Synaptica talks with recognised knowledge management practitioner, Patrick Lambe from Straits Knowledge. Originally from the UK, Patrick is based in Singapore and Ireland. He is the author of Organising Knowledge and the co-author of The Knowledge Manager’s Handbook. He is currently President of the International Society for Knowledge Organization Singapore Chapter. Straits Knowledge are partners of Synaptica LLC.
Would you give me a quick overview of your involvement in taxonomy?
PL: Straits Knowledge started 16 years ago as an information and knowledge management consulting firm. We were working with a defence agency on a project to help them build a taxonomy in support of their knowledge management goals. As my background is in library science, I realised quickly that there was a big gap in the literature around how you build a taxonomy for knowledge management purposes.
Lots of information is available from an information or library science perspective, but not so much how taxonomy works from a knowledge management interpretation. With this in mind, I started work on my first book, Organizing Knowledge.
My work on the book is one example of a trend I have noticed more and more over the past decade. Taxonomists have had to increasingly become familiar with other disciplines in order to design for different contexts, as well as design for implementation. It’s very easy to design a taxonomy which is technically accurate but doesn’t work with real systems, real people and real content.
Tell us about your background?
PL: I trained as a professional librarian studying at University College London with a Masters in Librarianship and Information Studies. I worked in special and academic libraries for about nine years. Then I decided to take a break, leave the UK – and the English weather. I had friends in Singapore, so I moved there. Initially I taught English and from here moved into corporate training. I ran a corporate training centre, then joined the British Council setting up a business skills training centre. The courses were varied but our core offer was communication skills. We won a contract with the Singapore government providing a new programme of skills training for the knowledge economy. The training programme looked at problem solving, creativity, innovation team working and communication skills, negotiation – soft skills to become a more effective adaptable knowledge worker. Whilst I was developing this programme in the late 1990s, knowledge management had arrived in Asia from the United States. Inadvertently I had acquired the two fundamental areas of expertise lying behind knowledge management:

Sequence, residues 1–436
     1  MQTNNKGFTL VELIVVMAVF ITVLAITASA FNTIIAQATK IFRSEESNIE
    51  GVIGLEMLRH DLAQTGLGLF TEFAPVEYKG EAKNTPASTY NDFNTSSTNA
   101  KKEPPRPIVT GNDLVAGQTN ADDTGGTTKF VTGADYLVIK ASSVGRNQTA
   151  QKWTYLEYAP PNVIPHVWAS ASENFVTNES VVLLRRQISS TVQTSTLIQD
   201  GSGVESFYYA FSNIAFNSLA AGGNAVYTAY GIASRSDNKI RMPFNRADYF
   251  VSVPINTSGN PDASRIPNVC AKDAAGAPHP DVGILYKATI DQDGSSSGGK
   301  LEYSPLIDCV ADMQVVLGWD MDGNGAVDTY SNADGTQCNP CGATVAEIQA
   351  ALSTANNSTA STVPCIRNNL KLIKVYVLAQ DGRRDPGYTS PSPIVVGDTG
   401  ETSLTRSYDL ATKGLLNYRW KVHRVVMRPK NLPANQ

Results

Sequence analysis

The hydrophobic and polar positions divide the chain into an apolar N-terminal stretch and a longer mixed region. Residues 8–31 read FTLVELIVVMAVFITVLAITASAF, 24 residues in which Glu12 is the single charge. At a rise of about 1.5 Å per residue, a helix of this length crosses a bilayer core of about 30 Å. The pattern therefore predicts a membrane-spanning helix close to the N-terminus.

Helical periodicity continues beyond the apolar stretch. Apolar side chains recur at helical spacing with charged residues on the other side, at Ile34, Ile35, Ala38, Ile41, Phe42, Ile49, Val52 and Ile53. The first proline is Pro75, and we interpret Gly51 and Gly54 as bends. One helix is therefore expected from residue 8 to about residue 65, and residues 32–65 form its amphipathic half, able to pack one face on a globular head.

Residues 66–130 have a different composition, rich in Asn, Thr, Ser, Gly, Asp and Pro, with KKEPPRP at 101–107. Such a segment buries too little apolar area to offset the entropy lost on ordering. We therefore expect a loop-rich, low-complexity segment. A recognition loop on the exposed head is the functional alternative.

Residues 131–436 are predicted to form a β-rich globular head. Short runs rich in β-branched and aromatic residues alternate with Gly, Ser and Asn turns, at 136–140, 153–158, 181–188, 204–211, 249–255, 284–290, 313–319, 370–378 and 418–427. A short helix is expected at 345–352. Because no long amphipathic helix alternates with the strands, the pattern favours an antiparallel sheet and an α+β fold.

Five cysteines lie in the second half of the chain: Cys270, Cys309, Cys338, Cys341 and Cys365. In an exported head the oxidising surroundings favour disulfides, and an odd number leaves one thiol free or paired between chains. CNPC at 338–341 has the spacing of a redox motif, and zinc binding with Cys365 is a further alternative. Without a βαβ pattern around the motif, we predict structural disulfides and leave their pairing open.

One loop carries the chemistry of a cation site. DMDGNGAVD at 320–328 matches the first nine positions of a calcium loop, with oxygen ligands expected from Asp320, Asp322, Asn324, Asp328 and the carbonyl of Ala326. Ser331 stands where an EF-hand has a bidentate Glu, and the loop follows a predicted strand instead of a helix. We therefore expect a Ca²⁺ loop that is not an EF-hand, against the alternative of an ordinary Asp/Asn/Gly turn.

– How you organise knowledge for access and reuse: from information and library science.
– how you help people to acquire and use knowledge: from working in learning and training.
In 2001, I joined an eLearning start-up, which was interested in this intersection between knowledge management and learning. After the dot.com bust, the focus was more on eLearning so I left and at this time established Straits Knowledge with a colleague, Edgar Tan.
Would you give me a quick overview of your role and company?
PL: At Straits Knowledge there are four of us, three based in Singapore, and one in Kuala Lumpur. We work all over the world, but our projects normally fall into two types:
- Knowledge audits leading to a strategy, framework plan and roadmap for implementation. We may also be engaged to do follow up projects with the clients. If they need a knowledge and information sharing policy – we might help them do it. Or if they want tacit knowledge transfer programmes we can assist further.
- The other type of work we deliver is related to taxonomy development. This leverages the knowledge audit and the knowledge maps we develop. We will look at the key business activities across functional areas, and the resources that are required to make those business activities happen. We effectively have a current snapshot vocabulary which is structured around how the organisation does its work. This evidence forms the backbone of the taxonomy.